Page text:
Guerrilla eugenics: gene drives in heritable human genome editing

A. D. Cutter,  J Med Ethics,  2023.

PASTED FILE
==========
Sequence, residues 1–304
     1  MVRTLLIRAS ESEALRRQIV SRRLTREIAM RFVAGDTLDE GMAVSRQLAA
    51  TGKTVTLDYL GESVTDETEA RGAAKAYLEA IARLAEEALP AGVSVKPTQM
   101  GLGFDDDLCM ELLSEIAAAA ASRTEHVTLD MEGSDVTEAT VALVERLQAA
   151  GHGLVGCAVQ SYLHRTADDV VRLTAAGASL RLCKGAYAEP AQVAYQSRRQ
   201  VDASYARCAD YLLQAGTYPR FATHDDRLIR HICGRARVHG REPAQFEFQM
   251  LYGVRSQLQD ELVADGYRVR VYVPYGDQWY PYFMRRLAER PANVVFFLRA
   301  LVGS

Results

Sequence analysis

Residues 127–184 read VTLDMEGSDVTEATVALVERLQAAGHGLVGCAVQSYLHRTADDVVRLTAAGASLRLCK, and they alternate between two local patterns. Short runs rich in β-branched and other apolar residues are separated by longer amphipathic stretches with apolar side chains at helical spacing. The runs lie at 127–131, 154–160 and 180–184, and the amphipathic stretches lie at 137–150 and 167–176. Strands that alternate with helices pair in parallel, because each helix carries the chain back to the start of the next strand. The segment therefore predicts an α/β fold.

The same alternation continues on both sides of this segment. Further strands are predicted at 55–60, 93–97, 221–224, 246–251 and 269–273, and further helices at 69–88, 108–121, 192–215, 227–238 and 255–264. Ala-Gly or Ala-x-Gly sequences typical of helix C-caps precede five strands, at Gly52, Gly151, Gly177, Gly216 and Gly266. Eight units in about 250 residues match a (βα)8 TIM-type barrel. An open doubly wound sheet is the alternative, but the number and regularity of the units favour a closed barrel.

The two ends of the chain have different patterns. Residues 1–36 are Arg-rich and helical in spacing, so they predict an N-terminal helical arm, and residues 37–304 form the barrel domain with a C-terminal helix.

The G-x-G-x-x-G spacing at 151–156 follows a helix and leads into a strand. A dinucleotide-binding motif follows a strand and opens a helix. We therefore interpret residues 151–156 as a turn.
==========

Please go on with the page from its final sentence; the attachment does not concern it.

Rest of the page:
CRISPR-Cas9 genome editing can and has altered human genomes, bringing bioethical debates about this capability to the forefront of philosophical and policy considerations. Here, I consider the underexplored implications of CRISPR-Cas9 gene drives for heritable human genome editing. Modification gene drives applied to heritable human genome editing would introduce a novel form of involuntary eugenic practice that I term guerrilla eugenics. Once introduced into a genome, stealth genetic editing by a gene drive genetic element would occur each subsequent generation irrespective of whether reproductive partners consent to it and irrespective of whether the genetic change confers any benefit. By overriding the ability to ‘opt in’ to genome editing, gene drives compromise the autonomy of carrier individuals and their reproductive partners to choose to use or avoid genome editing and impose additional burdens on those who hope to ‘opt out’ of further genome editing. High incidence of an initially rare gene drive in small human communities could occur within 200 years, with evolutionary fixation globally in a timeframe that is thousands of times sooner than achievable by non-drive germline editing. Following any introduction of heritable gene drives into human genomes, practices intended for surveillance or reversal also create fundamental ethical problems. Current policy guidelines do not comment explicitly on gene drives in humans. These considerations motivate an explicit moratorium as being warranted on gene drive development in heritable human genome editing.

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